Remember that “viral” Megaupload video a few weeks back, the one with a $3 million budget, where Kanye West and Lil Jon and Kim Kardashian bizarrely pledged allegiance to the file-sharing site’s “fast as hell” uploads? The one Universal repeatedly filed YouTube copyright complaints over, successfully taking down the video at least for a while, despite Megaupload possessing (and sharing) legally binding agreements with the video’s stars, however uncomfortable their appearances might’ve seemed?
Apparently the New York Post just found out about it, but they’ve introduced a startling wrench into the story (that was apparently there on the site’s about page all along): that the CEO of Megaupload is one Kasseem Dean, bka the producer Swizz Beatz. As everyone knows, Megaupload is a great place to download music for free, like Swizz Beatz’ first album, One Man Band. All of which makes Swizz Beatz’ involvement running the company a bit bizarre, if not totally, deviantly genius in a hedge-fund-economic-collapse sort of way.
UPDATE, Thursday 1/19/12: Following a two-year investigation, the FBI has shut down popular file-sharing site Megaupload, charging seven people with online piracy crimes and arresting four of those charged in New Zealand.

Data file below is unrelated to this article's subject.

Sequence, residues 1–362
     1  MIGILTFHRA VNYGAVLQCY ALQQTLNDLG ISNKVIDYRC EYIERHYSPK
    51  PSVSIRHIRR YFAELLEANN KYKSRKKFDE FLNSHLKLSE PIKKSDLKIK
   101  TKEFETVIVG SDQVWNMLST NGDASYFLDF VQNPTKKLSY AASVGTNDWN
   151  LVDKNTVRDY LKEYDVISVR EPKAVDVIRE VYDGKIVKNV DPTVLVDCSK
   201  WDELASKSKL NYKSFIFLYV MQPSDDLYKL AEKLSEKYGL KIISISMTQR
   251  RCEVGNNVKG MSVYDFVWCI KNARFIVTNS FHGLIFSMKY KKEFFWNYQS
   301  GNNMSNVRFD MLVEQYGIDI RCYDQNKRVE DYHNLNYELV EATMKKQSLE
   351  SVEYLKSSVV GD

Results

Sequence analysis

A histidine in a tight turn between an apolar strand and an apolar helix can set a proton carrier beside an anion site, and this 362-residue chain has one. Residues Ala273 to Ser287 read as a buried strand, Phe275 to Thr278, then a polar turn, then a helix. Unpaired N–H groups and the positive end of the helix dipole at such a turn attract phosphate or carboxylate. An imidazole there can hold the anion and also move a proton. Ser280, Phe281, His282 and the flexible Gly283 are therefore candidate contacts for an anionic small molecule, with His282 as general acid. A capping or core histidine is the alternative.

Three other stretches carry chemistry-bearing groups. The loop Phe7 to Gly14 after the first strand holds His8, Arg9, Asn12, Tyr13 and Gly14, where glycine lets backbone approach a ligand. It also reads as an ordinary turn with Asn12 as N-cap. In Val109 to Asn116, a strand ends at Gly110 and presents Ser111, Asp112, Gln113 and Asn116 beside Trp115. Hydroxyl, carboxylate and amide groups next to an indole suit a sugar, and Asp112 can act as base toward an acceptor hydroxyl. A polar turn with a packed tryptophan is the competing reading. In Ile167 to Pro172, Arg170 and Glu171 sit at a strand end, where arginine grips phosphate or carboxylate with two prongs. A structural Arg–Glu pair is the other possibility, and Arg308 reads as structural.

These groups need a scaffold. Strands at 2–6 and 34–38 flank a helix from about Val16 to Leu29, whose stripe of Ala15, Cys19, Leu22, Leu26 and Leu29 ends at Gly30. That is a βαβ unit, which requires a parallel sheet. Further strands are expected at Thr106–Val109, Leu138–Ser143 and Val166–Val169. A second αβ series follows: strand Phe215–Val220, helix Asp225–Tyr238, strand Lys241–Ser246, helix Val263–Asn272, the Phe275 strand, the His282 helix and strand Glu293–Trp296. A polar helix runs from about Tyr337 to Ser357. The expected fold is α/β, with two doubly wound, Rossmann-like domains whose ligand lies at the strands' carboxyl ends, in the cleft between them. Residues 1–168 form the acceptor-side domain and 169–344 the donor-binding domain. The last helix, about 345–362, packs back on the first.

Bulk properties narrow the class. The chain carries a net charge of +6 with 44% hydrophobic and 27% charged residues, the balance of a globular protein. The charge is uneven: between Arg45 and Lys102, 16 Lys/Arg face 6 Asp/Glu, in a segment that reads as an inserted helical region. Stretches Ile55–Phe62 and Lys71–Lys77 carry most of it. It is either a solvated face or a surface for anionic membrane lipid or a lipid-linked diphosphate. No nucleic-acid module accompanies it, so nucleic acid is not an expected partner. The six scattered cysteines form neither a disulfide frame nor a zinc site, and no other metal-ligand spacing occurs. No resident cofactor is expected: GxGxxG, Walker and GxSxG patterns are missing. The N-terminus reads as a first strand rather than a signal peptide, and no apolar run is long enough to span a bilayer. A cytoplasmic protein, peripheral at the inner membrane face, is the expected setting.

Already engaged in a legal battle with Universal Music Group over a UMG artist-featuring promotional video, the company is now accused of costing copyright holders $500 million in lost revenue. The indictment against the company, opened today in Virginia, calls the company “a worldwide criminal organization whose members engaged in criminal copyright infringement and money laundering on a massive scale.”
In response to the takedown, hacker collective Anonymous says they’ve attacked the websites of the US Department of Justice, Universal Music Group, Motion Picture Association of America and Recording Industry Institution of America. Anonymous claims the action as their largest-ever attack, reporting that 5,635 people directed a flood of traffic to the sites, overwhelming and crashing their servers. (via TechCrunch)